Atlantis, a favorite Theosophical locus, has been located almost everywhere. Not far from Druskininkai lies the scenic Raigardas Valley, a source of fascination for Čiurlionis, who depicted it in a 1907–1908 triptych.
Local lore, still preserved in information packages for tourists and certainly well known to the artist, maintains that in the valley once “stood a large city, later swallowed into the earth,” yet another, if minor, version of the ubiquitous Atlantis story.
“The Fairy Tale of the Kings” (1908–1909) is one of the few paintings the artist cared to explain, and a reference to when the Lithuanian monarchy had two kings. Here, in the darkness and beauty of a Lithuanian forest, the kings hold in their hand a dome radiating light and encasing other constructions, which, Čiurlionis explained, “represents the radiance of Lithuanian culture, which is called by history to say its word.” On the other hand, the movement from darkness to light is, at the same time, a recurring topic in Theosophical iconography and worldview.
The last Sonata cycle painted by Čiurlionis is “Sonata of the Pyramids” (1908–1909). It consists of three paintings: “Allegro,” “Andante,” and “Scherzo” (or “Finale”). We can divide the paintings into planes and sub-planes, representing the past, the present, and the future. The pyramids are places where humans can experience the intervention of higher cosmic powers, which inter alia prepare for reincarnation.
Ancient structures—including, on the left side of “Scherzo,” some Kazokas regarded as “very similar to the ruins of the castle of Vilnius”—are represented next to fantastic, modernistic buildings.
As a scholar of new religious movements, let me mention also the Pyramid of Merkinė, not far from Druskininkai, a center of alternative spirituality built in 2002 by Povilas Žekas.
Žekas’ mother is an amateur painter familiar with Čiurlionis’ work, although Žekas himself claims he built his pyramid following a divine revelation rather than after being inspired by the pyramids of Čiurlionis.
In conclusion, I do not argue that Theosophy was the only influence on Čiurlionis. The occult circle of Stabrowski, a committed Theosophist, did play a role. However, echoes of Lithuanian folklore, Lithuanian nationalism, the philosophy of Wilhelm Wundt (1832–1920), Japanese art, particularly by Hokusai (1760–1849), the symbolism of Arnold Böcklin (1827–1901) and others, have also been found in his work, and some of these influences may have been not less important than Theosophy.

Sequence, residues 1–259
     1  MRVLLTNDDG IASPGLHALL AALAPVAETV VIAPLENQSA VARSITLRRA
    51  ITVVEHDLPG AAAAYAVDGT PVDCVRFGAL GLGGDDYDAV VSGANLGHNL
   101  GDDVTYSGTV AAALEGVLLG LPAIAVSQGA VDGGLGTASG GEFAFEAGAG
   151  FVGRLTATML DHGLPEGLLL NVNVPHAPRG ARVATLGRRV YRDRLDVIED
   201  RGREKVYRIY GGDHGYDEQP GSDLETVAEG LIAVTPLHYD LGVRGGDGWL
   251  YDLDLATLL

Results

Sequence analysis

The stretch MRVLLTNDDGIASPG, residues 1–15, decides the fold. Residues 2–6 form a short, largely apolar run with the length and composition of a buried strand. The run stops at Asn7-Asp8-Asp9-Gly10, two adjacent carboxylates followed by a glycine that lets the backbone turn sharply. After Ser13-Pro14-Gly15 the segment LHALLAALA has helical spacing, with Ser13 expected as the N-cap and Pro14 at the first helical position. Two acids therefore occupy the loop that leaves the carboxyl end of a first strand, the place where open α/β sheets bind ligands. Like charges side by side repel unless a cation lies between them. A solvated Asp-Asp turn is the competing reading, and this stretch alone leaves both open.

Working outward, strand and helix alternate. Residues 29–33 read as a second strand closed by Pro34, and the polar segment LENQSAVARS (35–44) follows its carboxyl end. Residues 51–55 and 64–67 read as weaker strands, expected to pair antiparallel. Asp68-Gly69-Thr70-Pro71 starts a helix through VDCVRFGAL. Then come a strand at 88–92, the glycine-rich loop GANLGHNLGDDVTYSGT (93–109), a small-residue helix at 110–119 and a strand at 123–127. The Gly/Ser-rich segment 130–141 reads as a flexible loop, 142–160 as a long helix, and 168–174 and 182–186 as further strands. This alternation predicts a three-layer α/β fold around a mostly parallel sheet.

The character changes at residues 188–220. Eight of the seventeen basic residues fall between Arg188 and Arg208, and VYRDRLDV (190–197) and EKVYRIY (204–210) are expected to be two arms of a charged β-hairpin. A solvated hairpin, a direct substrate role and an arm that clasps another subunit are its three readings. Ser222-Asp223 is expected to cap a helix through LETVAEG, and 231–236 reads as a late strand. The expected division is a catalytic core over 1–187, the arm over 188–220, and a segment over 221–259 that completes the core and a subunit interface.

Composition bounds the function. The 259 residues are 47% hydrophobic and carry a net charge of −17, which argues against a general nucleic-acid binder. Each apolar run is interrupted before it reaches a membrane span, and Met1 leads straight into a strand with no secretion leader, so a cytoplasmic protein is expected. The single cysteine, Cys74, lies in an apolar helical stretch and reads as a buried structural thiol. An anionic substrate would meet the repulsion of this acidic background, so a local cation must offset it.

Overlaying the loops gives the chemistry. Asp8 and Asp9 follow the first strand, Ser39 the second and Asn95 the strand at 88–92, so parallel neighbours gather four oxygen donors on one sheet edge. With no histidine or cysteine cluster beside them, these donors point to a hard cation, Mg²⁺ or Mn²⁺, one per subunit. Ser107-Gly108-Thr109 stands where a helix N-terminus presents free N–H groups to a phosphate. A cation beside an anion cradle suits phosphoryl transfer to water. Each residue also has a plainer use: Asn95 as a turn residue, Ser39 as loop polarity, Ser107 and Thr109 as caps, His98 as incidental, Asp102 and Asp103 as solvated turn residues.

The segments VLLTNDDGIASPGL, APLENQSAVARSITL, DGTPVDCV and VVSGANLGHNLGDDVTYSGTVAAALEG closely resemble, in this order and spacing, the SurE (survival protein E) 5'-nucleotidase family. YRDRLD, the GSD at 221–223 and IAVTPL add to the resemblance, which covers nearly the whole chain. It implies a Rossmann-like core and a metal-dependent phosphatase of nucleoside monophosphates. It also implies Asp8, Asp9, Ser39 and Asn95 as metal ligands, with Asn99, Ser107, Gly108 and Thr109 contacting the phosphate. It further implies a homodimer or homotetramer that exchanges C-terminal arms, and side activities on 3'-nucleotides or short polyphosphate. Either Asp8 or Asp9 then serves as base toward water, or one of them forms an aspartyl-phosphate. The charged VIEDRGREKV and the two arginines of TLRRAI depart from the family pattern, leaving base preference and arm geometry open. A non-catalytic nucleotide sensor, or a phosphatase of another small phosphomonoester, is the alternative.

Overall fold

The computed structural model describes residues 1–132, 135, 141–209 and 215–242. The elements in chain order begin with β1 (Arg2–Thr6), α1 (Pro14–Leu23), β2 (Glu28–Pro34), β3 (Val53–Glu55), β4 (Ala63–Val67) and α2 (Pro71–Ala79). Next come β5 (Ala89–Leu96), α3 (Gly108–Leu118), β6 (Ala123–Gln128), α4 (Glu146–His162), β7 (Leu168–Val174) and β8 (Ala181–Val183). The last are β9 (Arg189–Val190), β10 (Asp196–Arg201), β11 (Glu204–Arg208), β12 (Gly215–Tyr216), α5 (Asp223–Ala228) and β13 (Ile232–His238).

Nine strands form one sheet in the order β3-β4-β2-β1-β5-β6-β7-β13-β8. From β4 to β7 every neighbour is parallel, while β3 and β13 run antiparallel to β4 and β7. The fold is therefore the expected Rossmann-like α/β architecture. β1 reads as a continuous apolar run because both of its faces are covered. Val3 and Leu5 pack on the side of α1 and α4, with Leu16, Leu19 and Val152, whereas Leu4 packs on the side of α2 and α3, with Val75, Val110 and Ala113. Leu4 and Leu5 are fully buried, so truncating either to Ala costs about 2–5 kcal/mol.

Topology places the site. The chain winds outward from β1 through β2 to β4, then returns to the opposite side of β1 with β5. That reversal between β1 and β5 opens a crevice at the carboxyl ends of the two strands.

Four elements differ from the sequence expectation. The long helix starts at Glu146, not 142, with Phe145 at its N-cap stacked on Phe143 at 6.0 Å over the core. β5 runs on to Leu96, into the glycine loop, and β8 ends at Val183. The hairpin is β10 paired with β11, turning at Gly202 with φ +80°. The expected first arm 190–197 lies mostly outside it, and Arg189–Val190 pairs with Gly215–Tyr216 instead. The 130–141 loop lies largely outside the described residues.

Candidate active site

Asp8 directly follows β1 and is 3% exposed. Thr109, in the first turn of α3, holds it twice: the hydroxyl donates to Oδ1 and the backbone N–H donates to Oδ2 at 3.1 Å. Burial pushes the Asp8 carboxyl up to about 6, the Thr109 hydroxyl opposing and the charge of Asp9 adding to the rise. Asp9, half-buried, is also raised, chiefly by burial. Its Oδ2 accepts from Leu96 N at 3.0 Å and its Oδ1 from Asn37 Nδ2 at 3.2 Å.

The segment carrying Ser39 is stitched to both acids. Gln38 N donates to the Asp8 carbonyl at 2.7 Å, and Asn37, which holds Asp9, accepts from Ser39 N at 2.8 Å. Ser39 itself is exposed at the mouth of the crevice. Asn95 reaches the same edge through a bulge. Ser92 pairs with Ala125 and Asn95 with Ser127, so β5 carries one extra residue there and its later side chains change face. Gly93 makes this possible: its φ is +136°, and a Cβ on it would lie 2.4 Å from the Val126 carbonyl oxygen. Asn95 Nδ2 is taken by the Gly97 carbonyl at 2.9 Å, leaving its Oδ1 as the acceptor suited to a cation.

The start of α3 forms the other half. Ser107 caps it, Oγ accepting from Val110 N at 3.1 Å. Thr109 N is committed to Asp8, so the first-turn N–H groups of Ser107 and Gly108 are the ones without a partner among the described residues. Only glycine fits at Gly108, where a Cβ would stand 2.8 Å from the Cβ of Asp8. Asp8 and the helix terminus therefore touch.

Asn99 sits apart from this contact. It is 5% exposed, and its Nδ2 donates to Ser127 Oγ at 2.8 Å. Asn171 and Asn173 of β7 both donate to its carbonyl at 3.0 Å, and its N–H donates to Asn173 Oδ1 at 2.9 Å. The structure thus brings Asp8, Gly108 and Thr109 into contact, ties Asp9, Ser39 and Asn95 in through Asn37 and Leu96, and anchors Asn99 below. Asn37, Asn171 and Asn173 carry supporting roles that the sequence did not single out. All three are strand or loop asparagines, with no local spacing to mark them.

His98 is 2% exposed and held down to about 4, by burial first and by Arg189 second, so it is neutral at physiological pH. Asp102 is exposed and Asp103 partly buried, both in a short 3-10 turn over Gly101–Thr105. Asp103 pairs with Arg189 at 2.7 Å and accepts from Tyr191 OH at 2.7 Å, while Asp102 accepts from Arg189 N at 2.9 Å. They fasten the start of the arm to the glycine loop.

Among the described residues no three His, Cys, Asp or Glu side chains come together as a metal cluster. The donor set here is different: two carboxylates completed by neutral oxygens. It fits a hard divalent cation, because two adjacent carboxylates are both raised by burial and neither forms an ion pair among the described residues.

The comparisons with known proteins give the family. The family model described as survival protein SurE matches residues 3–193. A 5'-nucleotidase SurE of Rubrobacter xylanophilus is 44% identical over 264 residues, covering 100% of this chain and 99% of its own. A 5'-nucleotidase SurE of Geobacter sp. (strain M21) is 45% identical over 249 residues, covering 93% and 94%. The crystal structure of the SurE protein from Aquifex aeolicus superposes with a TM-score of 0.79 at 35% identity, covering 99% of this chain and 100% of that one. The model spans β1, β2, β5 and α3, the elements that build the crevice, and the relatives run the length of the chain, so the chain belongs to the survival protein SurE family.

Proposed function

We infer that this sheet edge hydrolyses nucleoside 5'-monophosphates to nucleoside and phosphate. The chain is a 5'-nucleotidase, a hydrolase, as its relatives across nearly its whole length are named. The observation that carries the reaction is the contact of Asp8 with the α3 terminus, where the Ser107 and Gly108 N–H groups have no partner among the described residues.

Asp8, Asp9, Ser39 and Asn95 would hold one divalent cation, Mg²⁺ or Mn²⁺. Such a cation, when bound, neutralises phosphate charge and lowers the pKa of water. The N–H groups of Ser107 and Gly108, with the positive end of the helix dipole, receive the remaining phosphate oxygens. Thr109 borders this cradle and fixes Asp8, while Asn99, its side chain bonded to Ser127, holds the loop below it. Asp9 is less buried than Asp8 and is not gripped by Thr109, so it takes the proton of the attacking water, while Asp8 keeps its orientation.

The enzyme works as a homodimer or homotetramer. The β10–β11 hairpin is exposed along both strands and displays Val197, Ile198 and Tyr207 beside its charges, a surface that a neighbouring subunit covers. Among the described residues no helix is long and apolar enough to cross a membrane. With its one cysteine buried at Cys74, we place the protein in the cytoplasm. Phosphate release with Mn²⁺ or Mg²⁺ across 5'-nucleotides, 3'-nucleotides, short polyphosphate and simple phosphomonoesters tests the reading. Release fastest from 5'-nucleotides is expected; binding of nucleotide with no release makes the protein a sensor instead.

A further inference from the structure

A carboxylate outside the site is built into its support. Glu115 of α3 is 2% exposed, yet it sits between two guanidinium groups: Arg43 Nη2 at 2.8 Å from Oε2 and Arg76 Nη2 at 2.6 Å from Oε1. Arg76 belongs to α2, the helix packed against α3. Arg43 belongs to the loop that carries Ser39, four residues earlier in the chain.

Piet Mondrian (1872–1944) was a member of the Theosophical Society and, at least at one stage of his life, tried explicitly to create a “Theosophical art.” Lawren Harris (1885–1970) was another card-carrying Theosophist. He said his art was not “preaching Theosophy” but he did, most notably through a radio program, and the echoes in his paintings are unmistakable. As opposite to Mondrian, Harris, Delville, Hilma af Klint (1862–1944), or Stabrowski himself, Čiurlionis never joined the Theosophical Society nor did he create icons explicitly illustrating Theosophical concepts. His contact was indirect, through Stabrowski and his circle, and the books of Flammarion.
While he did mention Flammarion, Čiurlionis never mentioned Theosophical leaders such as Madame Helena Blavatsky (1831–1891) or Annie Besant (1847–1933) in his known writings, nor did he discuss his experiences in the occult circle of Stabrowski. As Andrijauskas suggests, this can be explained either by the artist’s protective attitude towards a sphere he perceived as private and intimate, or by the fact that letters and notes (including journals) were lost or perhaps destroyed—which would not be surprising within the political context I mentioned in a previous articles.
Questions remain, and it is always possible that new documents will be discovered. For the time being, the thesis of an “indirect” influence of Theosophy on Čiurlionis remains the most probable. We should also remember that he was a man of deep spiritual experiences, which may have paralleled these of the Theosophists and led him to come to similar conclusions intuitively rather than through their doctrines.